Russian Supreme Court denies return of Briullov painting to German collector
MOSCOW, December 19 (RAPSI, Nikita Shiryayev) – The Supreme Court of Russia on Thursday granted a cassation appeal filed by prosecution against lower courts’ rulings to return the painting by prominent artist Karl Briullov entitled ‘Christ in the Sepulcher' to German collector Alexander Pevzner, RAPSI reports from the courtroom.
The court thus changed rulings made by the Vyborg City Court and the Leningrad Regional Court and ruled out an order to return the painting to Pevzner and his wife.
A prosecutor in his appeal claimed that in the lower courts’ rulings there was no confirmation that the painting belonged to the spouses. According to the prosecutors, documents submitted to the Russian Museum said that Pevzner’s parents-in-law were the owners of the art piece.
Pevzner’s lawyer Maxim Krupsky in turn submitted written representations by Lyudmila Belyakova, the collector’s mother-in-law, saying that she was never an owner of the painting as well as her deceased husband.
In 2003, Pevzner brought the painting he owned into Russia via the customs station in Vyborg in the Leningrad Region. Even though it was a cultural property, Pevzner did not declare the masterpiece, according to investigators. The collector was charged with smuggling.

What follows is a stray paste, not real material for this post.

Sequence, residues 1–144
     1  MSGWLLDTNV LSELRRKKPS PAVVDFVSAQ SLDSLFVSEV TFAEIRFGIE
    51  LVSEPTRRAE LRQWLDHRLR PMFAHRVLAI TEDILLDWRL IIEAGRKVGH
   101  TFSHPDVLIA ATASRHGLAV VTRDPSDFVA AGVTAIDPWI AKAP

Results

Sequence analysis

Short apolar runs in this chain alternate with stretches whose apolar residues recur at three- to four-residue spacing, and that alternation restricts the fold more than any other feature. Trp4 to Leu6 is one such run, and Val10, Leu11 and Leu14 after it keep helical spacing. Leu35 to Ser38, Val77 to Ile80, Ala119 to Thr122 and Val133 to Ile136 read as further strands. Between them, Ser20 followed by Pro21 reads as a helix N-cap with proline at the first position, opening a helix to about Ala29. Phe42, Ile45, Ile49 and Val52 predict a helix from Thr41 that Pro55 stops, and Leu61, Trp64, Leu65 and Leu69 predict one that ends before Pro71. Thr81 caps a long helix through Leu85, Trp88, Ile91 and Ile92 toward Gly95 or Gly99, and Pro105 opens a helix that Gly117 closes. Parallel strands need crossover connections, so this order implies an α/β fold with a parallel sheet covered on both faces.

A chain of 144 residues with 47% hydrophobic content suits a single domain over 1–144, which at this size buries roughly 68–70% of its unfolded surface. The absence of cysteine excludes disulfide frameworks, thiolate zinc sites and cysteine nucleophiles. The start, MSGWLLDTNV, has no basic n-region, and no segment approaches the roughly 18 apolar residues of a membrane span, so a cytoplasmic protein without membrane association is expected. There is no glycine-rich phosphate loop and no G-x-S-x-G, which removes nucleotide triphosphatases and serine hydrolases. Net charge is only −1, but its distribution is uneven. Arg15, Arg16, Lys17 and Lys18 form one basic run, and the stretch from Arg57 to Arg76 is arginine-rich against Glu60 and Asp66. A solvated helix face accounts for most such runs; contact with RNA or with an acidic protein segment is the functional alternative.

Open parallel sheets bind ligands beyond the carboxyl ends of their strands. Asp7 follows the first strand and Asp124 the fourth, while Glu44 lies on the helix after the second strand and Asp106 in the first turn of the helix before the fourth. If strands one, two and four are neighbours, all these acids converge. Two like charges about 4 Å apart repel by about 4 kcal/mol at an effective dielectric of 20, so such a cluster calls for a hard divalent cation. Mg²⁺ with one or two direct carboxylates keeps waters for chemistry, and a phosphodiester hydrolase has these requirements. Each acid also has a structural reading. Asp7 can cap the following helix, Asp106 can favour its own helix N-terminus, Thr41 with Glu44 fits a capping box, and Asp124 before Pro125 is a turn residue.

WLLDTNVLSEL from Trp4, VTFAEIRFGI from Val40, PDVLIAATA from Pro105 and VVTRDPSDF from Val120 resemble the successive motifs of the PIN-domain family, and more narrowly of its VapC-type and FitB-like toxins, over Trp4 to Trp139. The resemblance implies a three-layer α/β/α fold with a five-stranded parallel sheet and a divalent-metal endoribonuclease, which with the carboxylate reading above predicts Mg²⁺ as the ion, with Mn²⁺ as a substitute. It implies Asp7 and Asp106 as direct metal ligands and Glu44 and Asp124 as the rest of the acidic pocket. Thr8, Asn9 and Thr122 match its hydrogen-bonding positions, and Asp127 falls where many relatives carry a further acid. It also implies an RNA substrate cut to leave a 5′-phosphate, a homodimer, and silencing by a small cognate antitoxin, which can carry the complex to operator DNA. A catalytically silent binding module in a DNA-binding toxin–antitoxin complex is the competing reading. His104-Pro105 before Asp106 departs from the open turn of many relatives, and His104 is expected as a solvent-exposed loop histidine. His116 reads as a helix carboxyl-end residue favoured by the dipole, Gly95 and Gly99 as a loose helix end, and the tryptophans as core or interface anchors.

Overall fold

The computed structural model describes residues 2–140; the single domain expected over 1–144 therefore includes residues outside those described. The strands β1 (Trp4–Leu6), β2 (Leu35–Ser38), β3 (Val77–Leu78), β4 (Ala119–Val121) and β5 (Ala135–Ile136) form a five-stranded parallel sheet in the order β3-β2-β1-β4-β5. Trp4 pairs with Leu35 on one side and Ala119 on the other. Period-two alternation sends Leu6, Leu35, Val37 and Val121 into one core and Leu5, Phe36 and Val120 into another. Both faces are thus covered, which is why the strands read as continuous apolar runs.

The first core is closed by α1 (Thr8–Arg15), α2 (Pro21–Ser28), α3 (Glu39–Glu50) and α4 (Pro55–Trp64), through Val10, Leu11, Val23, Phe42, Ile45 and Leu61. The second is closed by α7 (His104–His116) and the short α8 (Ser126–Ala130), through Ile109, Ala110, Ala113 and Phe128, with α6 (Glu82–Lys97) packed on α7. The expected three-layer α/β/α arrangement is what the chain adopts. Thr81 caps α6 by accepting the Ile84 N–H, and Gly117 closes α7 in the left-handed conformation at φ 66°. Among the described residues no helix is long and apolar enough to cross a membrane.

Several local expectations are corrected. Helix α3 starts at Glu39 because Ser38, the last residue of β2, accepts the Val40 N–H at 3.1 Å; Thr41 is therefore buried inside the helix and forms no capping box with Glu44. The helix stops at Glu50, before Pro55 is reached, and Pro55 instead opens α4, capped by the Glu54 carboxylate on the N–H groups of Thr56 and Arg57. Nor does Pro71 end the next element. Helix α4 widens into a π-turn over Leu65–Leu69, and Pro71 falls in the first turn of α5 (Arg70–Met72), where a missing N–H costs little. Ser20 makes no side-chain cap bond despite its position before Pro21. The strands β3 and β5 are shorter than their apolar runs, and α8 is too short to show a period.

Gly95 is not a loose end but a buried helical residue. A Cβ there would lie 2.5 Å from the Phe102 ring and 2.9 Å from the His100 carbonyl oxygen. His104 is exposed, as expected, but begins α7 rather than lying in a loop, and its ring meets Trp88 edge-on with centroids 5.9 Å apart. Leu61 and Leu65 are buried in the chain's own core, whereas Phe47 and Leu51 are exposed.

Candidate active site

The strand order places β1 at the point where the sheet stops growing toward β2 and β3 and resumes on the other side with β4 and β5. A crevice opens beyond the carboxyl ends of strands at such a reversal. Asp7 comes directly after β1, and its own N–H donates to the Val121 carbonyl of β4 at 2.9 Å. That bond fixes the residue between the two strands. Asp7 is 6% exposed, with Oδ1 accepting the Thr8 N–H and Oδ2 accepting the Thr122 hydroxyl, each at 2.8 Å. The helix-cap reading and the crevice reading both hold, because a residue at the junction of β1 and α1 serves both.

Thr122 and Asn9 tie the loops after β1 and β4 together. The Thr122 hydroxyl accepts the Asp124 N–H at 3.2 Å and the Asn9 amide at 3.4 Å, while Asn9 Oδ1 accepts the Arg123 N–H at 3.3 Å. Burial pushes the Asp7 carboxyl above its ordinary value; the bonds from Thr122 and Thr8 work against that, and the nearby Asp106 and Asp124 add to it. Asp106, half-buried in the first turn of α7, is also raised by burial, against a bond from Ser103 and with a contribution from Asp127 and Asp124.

In November 2013, the Vyborg City Court in the Leningrad Region dropped charges against the German citizen as the statute of limitations had expired. However, the court ruled to confiscate the painting from Pevzner and ordered its transfer to the Russian Museum in St. Petersburg.
In 2014, the Leningrad Regional Court overturned the lower court’s ruling in part and returned the piece of art to its owner. In 2015, the decision was upheld.
In April 2016, the Supreme Court of Russia reversed the Leningrad Regional Court’s ruling and ordered the forfeiture of the painting under the Article 81 of the Criminal Procedure Code which envisages that crime instruments belonging to the accused must be confiscated, transferred to the relevant institutions or destroyed.
Pevzner has filed a complaint with the Constitutional Court of Russia challenging the Criminal Procedure Code’s provisions allowing to forfeit objects of art if they are declared material evidence.
In March 2017, the Constitutional Court held that the painting seized from Pevzner may be returned to him only after he is acquitted. The court ruled to review all rulings in the case and to offer a choice to the collector: either he agrees to cancellation of criminal case and loses rights to the painting or keeps the case ongoing, looking forward to the sentence, whatever it may be.
In June 2017, Presidium of the Russian Supreme Court overturned a ruling on confiscation of the painting from Pevzner. Thus, the painting was to be returned to Pevzner, his lawyer Maxim Krupsky told RAPSI. The painting smuggling case against the collector was ordered to be reconsidered, the court held.